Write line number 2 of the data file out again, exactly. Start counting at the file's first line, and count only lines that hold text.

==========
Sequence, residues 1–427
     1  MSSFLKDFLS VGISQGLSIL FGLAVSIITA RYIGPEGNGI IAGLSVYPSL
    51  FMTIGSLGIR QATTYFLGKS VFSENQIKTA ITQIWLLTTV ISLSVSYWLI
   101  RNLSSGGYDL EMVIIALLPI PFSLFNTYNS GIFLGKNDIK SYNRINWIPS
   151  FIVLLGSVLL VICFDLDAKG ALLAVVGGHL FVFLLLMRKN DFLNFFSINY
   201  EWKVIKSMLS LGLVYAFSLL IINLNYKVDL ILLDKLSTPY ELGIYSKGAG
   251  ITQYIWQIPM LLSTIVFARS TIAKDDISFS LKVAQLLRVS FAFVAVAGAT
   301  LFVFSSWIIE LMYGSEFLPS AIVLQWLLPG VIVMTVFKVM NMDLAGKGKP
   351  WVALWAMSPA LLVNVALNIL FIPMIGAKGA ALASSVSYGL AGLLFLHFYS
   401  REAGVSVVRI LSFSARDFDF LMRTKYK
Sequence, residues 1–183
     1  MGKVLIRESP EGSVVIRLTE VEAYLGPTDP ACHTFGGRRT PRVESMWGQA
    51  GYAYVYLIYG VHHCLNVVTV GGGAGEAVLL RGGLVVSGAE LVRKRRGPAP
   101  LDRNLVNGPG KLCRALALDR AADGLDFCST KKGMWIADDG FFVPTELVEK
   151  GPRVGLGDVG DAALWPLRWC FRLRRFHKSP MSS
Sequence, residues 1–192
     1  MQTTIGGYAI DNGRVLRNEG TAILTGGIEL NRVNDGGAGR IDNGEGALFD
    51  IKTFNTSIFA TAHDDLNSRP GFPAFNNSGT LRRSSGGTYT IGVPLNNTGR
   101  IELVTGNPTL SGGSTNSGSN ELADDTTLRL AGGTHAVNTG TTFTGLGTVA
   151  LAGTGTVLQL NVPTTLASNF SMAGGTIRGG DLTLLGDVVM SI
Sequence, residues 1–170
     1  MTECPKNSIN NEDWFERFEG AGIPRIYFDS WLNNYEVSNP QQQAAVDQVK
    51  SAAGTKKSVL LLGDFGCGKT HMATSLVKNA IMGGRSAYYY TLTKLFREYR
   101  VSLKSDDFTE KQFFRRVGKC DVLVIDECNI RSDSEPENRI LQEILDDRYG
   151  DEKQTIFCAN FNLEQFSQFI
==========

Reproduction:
     1  MSSFLKDFLS VGISQGLSIL FGLAVSIITA RYIGPEGNGI IAGLSVYPSL